Troubling Findings of Forever Chemicals in Antietam Creek Announced by Upper Potomac Riverkeeper

High Levels of PFAS Detected in Smallmouth Bass and Creek Waters

Washington, D.C. – June 17– Upper Potomac Riverkeeper (UPRK) Brent Walls today announced findings of high levels of PFAS chemicals in fish and water in the Antietam Creek and surrounding region.

Said Walls, “Although banned nearly 15 years ago, the presence of these chemicals, some nearly at the EPA maximum allowed, is very troubling. First, these chemicals are “forever”; in other words, they never break down but accumulate in the human body. Second, the sampling was done in rural or small-town environments where there is no obvious source for them. And third, PFAS pollutants could easily make their way into our food sources through the distribution of biosolids on crop and grazing land.”

Walls also noted that the incredibly high concentrations of the substance in smallmouth bass is particularly concerning because that species of fish is like the “canary in the coal mine,” in that the fish is the first aquatic life to show evidence of pollution. The level of the chemical in the Antietam Creek smallmouth bass plasma, tested in 2018, was at a minimum of 250,000 parts per trillion (PPT) while the EPA guidance for drinking water is 70 ppt. While PFAS levels in blood plasma do not equate directly to safe drinking water limits, these extremely high levels in the bass’ blood indicate that the fish’s edible flesh would likely be unsafe to consume.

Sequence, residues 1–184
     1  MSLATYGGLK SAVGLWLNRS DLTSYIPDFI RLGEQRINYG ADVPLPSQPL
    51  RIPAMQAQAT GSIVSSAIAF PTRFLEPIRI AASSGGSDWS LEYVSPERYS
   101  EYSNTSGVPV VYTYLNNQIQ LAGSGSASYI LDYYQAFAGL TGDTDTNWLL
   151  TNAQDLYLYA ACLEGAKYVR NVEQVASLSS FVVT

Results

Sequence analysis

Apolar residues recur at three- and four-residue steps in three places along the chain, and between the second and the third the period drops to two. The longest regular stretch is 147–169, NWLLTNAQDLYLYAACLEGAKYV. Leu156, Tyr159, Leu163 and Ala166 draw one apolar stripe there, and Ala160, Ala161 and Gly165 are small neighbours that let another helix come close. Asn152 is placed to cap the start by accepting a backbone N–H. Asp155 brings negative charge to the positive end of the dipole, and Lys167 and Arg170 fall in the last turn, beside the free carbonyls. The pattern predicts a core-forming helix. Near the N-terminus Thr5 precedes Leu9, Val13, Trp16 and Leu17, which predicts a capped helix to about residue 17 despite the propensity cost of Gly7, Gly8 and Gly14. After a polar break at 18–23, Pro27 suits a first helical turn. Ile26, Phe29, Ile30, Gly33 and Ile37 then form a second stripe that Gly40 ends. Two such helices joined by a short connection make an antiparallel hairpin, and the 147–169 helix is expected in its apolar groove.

Kyla Bennet, Director at New England Public Employees for Environmental Responsibility, said “PFAS levels in the fish caught in the Antietam Creek are stunningly high – more than 7,600 times EPA’s Lifetime Health Advisory for just one of the chemicals. Unfortunately, EPA is missing in action on PFAS regulation, and states are scrambling in an effort to fill the void. Maryland officials should identify the source of the creek’s PFAS contamination, and ensure it is not reaching drinking water supplies.”

UPRK’s sampling investigation was supported by Public Employees for Environmental Responsibility.

Walls continued, “There is no EPA nor federal plan to address PFAS remediation and thus many states are stepping in. Maryland is working on a plan, but the pace is glacial. We must adopt a scheme regularly to test wastewater so that we can identify sources and create a solution to this nearly unseen and unknown challenge to our long term health.”

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About Potomac Riverkeeper Network

Potomac Riverkeeper Network is a registered 501(c)3 non-profit organization with three regional Waterkeeper branches: Potomac Riverkeeper, Upper Potomac Riverkeeper, and Shenandoah Riverkeeper. Our mission is to protect the public’s